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A peek at ‘People on the Move’ exhibit

By November 12, 2015November 8th, 2023One Comment

It’s been 50 years since the Immigration History Research Center and Archives was founded at the University of Minnesota, making it the oldest and largest entity devoted to preserving and understanding immigration experiences.

In celebration, the IHRCA has an exhibit on display through January 22, 2016 at the U’s Elmer L. Andersen Library. The exhibit explores ideas of immigration and race and ethnicity, while sharing its own story of creating and developing an archive to support a wide variety of research.

Exhibit co-curator Ellen Engseth and exhibit designer Darren Terpstra provide a sneak peek of the exhibit in the video above.

Exhibit details

What: People on the Move exhibit
When: Through January 22, 2016
Where: Elmer L. Andersen Library Gallery
Hours: Mondays, Tuesdays, and Fridays: 8:30 a.m to 4:30 p.m.; Wednesdays and Thursdays: 8:30 a.m. to 7:00 p.m.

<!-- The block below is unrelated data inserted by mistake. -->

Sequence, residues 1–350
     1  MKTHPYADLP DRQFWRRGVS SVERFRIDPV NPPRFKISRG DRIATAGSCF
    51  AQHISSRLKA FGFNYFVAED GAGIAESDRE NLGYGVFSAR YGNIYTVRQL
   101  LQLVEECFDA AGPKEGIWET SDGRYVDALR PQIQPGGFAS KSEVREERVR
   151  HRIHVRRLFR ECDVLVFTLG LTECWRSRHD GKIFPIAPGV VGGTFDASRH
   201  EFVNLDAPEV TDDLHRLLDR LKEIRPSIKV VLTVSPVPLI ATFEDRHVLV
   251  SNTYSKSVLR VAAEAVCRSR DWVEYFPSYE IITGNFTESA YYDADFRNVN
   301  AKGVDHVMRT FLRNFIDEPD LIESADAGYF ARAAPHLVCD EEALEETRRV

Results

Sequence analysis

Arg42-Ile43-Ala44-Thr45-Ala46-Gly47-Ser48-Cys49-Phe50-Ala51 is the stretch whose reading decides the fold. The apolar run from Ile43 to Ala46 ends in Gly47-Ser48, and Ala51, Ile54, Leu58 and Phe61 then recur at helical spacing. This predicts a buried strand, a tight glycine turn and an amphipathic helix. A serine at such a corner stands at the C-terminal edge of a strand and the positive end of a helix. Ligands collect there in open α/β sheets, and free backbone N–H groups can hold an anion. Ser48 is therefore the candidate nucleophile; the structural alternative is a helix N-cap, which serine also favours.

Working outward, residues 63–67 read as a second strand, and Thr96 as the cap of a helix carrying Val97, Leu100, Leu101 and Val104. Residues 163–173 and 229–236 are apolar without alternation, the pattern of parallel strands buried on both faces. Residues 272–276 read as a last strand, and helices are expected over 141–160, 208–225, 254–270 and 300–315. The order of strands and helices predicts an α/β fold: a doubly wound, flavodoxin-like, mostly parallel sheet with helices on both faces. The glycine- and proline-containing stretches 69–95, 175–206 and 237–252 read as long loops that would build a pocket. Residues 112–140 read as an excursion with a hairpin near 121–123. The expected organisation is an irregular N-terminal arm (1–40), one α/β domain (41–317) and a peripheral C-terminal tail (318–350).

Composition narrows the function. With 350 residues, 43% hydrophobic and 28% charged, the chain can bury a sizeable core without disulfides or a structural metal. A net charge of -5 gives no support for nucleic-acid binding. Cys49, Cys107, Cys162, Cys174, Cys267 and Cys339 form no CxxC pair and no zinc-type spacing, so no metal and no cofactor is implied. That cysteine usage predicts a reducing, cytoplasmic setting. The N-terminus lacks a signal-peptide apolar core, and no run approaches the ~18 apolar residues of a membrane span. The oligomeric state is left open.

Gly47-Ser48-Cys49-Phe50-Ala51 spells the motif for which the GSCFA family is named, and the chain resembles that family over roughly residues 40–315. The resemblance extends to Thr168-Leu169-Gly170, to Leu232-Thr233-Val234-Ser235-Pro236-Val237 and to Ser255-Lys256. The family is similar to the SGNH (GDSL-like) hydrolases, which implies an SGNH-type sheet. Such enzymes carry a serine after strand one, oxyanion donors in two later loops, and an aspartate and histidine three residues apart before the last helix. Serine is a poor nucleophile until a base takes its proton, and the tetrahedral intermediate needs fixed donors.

Mark Engebretson

Author Mark Engebretson

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Join the discussion One Comment

  • Norma+Gaffron says:

    It sounds like a wonderful display. I have the thimble that my mother’s father, John Gaustad, brought with him from Norway in the late 1800’s. He was a cobbler (I like that word – cozier than shoe maker) and set up his business in Baldwin, Wisconsin, then sent for his wife and son. Their daughter, Minnie, my mother, born in Baldwin, met my father, Peter Albert Bondeson, when she came to Minneapolis to work in an envelope factory. He was then working in a bakery there. They were married in 1922.
    My father had come over in 1902 to join his sister Hanna and her husband Oluf Newburg who had established a bakery in Litchfield, MN. After working as a cook at a lumber camp in the north woods, Dad was able to eventually set up his own bakery, selling one to move on to buying a bigger and better one. I grew up in Sacred Heart, Marshall, Wabasha, and Chatfield. Pete was granted a U.S. Patent for a “bread slicing machine” but never received the papers to verify this, apparently because he does not show up in the census in the year 1913 when it was issued, having been out there in the woods for a number of years. The family only found out about it after relatives in Norway discovered this when doing some other research on family who immigrated to America.
    I sliced many a loaf of bread in Dad’s bakeries never knowing of his invention, and he never spoke of it.
    I remember how he was always insisting though how I brush off the machine and clean up the area after using it. Through the years many adjustments were no doubt made to the design, but it’s great to know he had a hand in it’s beginning.

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